State of Undress
Livin’ It, Lovin’ It
A raggle taggle consortium of sound not a hundred miles removed from that of an over zealous Steelye Span meets B-side Waterboys, this 2009 release by State of Undress, strikes one as being a mere tip of the band’s rich musical potential. Reason being, there may be snippets of poise and promise at play here, but an underlying quality that the five-piece have overwrought themselves is, unfortunately, a tad more pronounced.
The opening track ‘One More Shot (of you boy)’ sounds as if two different bands are playing the same track; which, although on occasion do (perhaps by accident) converge, ultimately end up chasing one anther’s tale. Were it not for the underlying glue like quality of Samantha Jane’s pizzicato violin, one wouldn’t really know who or what to listen to. And while there’s a definite Steve Wickham influence at play throughout ‘Plenty More Fish in the Sea’ – worth mentioning, purely as a result of the texture and sheer amount of reverb utilised during Wickhams’s stint with ye Waterboys during their spurious Irish period, was at the time, as indicative of their sound as that of Mike Scott. Although in this instance, a rather lacklustre performance by the band as a whole, doesn’t do the song itself any favours.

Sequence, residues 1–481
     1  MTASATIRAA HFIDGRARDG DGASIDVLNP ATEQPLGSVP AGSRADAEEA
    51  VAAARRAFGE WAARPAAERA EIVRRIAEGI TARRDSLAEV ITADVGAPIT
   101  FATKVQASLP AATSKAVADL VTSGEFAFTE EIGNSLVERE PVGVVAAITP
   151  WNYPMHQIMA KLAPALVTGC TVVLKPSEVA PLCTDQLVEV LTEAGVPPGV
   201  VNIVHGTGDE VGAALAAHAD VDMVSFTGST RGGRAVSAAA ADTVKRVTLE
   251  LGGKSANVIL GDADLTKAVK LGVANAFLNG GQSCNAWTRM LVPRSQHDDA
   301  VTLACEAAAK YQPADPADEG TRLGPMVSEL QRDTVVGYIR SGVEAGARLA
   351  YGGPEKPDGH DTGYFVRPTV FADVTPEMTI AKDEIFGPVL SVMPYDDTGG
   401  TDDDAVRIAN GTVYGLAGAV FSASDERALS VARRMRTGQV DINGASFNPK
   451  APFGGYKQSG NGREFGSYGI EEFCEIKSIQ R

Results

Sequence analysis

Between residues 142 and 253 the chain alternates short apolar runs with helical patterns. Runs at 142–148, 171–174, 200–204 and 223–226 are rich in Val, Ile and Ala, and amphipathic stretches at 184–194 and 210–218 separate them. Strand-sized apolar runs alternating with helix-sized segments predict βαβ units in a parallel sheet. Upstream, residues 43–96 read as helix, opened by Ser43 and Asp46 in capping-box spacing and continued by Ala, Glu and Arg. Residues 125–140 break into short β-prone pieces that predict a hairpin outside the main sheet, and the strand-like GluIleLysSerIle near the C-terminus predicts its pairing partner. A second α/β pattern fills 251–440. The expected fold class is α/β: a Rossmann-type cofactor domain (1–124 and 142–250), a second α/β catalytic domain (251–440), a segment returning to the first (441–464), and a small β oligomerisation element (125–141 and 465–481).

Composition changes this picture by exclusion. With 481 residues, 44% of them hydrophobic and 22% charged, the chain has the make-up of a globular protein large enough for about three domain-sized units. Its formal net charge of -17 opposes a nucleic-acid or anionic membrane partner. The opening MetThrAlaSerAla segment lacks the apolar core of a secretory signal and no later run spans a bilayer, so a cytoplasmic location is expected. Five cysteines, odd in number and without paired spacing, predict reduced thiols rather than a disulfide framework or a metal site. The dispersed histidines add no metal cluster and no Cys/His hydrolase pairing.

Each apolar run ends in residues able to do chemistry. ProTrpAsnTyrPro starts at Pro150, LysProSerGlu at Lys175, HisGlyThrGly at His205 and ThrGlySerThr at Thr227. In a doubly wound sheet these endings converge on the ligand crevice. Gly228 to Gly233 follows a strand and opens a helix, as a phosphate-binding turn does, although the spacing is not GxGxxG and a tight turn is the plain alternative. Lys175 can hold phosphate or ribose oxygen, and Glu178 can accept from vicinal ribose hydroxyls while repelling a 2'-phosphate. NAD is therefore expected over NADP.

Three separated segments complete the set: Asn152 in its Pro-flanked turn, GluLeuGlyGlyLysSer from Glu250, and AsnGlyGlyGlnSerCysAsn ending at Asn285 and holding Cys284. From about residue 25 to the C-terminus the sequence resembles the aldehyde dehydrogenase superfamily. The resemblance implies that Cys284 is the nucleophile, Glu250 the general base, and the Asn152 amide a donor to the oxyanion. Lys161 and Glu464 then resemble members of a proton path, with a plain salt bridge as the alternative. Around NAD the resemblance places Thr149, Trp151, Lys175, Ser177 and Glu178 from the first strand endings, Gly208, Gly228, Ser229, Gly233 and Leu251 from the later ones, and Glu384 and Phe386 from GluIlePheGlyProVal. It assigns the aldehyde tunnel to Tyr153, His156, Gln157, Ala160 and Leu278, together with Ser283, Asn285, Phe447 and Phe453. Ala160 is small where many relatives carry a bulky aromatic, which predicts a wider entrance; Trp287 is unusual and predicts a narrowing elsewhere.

It’s not until one reaches the strongest song on the album ‘Mudeford Mood’ (cool title), that things begin to quintessentially sparkle. Replete with a more considered arrangement, which, among other things, includes what sounds like looped bongos and an altogether intelligent, refreshing chord structure, it’s a song which leaves the remaining others basking in its shadow. That said, were it to have ended at two and a half minutes (rather than 4:24) it would have been even stronger.
In all, these seven songs are more akin to that of a collection of demos. Whilst showing promise, Livin It, Lovin It! doesn’t truly hit the mark of a genre that, although transiently saturated with the likes of Fairport Convention, Hothouse Flowers, Waterboys et al, remains an idiom whereby musical prowess and understanding, is still as integral as playing from the heart.